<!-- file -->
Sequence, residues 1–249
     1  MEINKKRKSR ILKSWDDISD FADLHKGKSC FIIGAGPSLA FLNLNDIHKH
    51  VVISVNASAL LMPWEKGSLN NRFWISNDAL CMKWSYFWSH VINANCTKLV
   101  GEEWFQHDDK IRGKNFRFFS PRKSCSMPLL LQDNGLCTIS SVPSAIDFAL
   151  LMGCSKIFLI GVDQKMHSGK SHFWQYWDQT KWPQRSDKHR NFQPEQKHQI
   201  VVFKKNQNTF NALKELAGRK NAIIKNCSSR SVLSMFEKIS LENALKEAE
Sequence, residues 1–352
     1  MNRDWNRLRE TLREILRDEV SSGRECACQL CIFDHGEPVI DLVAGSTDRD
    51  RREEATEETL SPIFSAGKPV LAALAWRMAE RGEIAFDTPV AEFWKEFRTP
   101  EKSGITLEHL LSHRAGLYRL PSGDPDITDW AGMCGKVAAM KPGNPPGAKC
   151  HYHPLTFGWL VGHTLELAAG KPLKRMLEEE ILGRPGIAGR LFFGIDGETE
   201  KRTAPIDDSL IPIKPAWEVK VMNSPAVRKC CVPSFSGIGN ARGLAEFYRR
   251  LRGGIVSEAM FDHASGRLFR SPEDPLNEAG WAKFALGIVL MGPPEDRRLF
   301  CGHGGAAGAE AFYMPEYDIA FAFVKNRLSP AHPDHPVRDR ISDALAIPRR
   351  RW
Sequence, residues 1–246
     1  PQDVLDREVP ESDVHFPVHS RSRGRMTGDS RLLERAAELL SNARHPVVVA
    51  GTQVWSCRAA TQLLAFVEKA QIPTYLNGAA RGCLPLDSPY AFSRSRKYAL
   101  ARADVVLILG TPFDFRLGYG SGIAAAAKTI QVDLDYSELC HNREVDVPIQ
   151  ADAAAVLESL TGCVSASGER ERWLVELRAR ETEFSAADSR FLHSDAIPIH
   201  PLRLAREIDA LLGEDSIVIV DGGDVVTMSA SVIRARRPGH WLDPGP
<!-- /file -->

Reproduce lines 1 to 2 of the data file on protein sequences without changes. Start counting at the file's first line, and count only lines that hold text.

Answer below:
Sequence, residues 1–249
     1  MEINKKRKSR ILKSWDDISD FADLHKGKSC FIIGAGPSLA FLNLNDIHKH